Contemporary Trailers That Work

A while back I posted a long, but not ill-conceived, rant about why I hate spoiler-ridden trailers and how terrible they are. I did have a counterbalance of some “newer” trailers that I think evoke mood, create intrigue, and give me that I-wanna-see-that sensation. However, two things have occurred: I’ve wondered to myself “Was that too ‘Get off my lawn!’?” and I’ve seen some really great trailers as of late that are far more current examples that deserve kudos.

This is a great trailer. Owing to the fact that I know the film and can see what’s being withheld:

In The Family

But that’s an indie, you say. So here are some bigger films in terms of budget and marketing push. All of these are upcoming or have not yet been seen by me:

The Secret Life of Walter Mitty

The Wolf of Wall Street

Fruitvale Station

Now with those three the common thread is that at most you have a sense of what the movies about, as opposed to those I complained about that have you feeling like you just sat through that whole film unwittingly and unwillingly. A trailer is small fraction of the content of an actual film but some do make it feel like the film itself, only longer.

Now I realize I may be a bit of a throwback wanting to be surprised as much as I can and not always know what’s coming around, which is why I usually wait to see trailers at a multiplex rather than the day they drop. So here’s what I think is a great trailer but plays closer to convention in form, inasmuch as you see many plot points. What’s great is that it being a suspense film that likely has more twists and turns than indicated, and it jumbles up the pieces somewhat so you don’t feel like you know all that’s a head of you.

Prisoners

So those are some of the trailers that have gotten my attention, and while there will be many more that stink and tell too much I’m always willing to acknowledge those that seem to get it.

Super Bowl Movie Commercials

While with each year the hype and price surrounding Super Bowl commercials grows one other aspect that becomes increasingly significant is the advertising of films during the game. A Super Bowl ad for a film is the biggest opportunity of the year for simultaneous impressions that a movie has and which films go for it and what impact they make is interesting to consider. Below you will find links to the ads that played during the game this year. They run the gamut from Act of Valor which opens in just a few weeks to two of the movie events of the year The Hunger Games and The Avengers.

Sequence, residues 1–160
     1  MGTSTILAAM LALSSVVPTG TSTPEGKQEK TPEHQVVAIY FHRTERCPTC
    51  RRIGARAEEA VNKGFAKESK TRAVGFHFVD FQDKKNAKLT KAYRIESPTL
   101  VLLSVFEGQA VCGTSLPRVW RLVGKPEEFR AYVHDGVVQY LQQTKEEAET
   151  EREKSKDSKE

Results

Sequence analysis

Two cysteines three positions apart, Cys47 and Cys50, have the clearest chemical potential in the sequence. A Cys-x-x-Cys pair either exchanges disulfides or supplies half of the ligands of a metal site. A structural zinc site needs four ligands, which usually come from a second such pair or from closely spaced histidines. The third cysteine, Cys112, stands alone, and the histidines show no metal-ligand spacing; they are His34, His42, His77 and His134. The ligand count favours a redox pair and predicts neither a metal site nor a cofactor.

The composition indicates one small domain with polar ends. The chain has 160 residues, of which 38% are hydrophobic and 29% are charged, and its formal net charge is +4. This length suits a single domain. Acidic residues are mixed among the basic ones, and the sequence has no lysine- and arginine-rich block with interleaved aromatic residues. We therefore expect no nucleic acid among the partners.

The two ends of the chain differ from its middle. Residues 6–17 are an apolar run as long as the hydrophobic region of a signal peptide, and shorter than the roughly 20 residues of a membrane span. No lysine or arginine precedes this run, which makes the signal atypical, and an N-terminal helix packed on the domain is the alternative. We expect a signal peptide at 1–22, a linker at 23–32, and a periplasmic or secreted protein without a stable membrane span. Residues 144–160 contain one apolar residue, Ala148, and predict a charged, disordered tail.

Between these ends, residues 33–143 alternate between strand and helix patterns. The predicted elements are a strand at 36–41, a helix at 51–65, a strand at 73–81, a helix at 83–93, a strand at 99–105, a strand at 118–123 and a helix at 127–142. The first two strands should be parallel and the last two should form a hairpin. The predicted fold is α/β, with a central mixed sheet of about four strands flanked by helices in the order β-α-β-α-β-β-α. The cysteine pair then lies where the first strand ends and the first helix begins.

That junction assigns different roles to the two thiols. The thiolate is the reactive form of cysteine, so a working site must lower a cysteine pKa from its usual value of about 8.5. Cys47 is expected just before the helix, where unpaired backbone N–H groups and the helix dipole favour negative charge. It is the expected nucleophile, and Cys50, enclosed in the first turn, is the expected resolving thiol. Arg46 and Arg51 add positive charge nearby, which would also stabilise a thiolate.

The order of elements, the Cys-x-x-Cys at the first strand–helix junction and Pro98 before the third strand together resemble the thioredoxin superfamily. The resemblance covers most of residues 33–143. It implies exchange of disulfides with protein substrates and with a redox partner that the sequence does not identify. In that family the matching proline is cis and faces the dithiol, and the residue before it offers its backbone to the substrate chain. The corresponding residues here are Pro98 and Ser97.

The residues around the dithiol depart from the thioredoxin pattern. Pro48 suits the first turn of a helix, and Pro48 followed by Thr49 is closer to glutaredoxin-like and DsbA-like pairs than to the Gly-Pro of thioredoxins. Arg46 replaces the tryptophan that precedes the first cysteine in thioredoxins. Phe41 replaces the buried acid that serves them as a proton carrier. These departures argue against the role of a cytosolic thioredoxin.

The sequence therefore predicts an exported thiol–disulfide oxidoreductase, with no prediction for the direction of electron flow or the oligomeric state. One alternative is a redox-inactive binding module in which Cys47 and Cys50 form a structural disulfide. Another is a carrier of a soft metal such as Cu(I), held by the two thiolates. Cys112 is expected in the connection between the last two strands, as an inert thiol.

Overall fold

Did some of these ads do more harm than good? You are the judge for now. Time and the box office returns will tell the ultimate story but considering the Super Bowl is where I got the first glimpse of the tone and awesomeness of Super 8 the significance of these ads in marketing terms should not be underestimated.

21 Jump Street

http://www.springboardplatform.com/mediaplayer/springboard/video/ci035/39/434487/

Act of Valor

http://www.springboardplatform.com/mediaplayer/springboard/video/ci035/39/434619/

The Avengers

http://www.springboardplatform.com/mediaplayer/springboard/video/ci035/39/434555/

Battleship

http://www.fandango.com/fplayer/player.aspx?mid=130096&mpsguid=2192855347&dm=3&genre=Action/Adventure,&rt=&title=Battleship_-_Super_Bowl_:60_TV_Spot&w=620&h=349&emb=user

G.I. Joe: Retaliation

http://www.springboardplatform.com/mediaplayer/springboard/video/ci035/39/432393/

The Hunger Games

John Carter

http://www.springboardplatform.com/mediaplayer/springboard/video/ci035/39/431121/

Dr. Seuss’ The Lorax

http://www.springboardplatform.com/mediaplayer/springboard/video/ci035/39/434621/

Film Thought: Sorry, No Refunds For Bad Movies

Sign at the Avon Theater Warning People about The Tree of Life and the no refund policy


Attention to All and Sundry:

After hearing about people seeking refunds for disliking The Tree of Life because it was too artsy and a woman suing the makers of Drive because it’s not an action flick and now people in the UK are unaware that The Artist is (mostly) silent.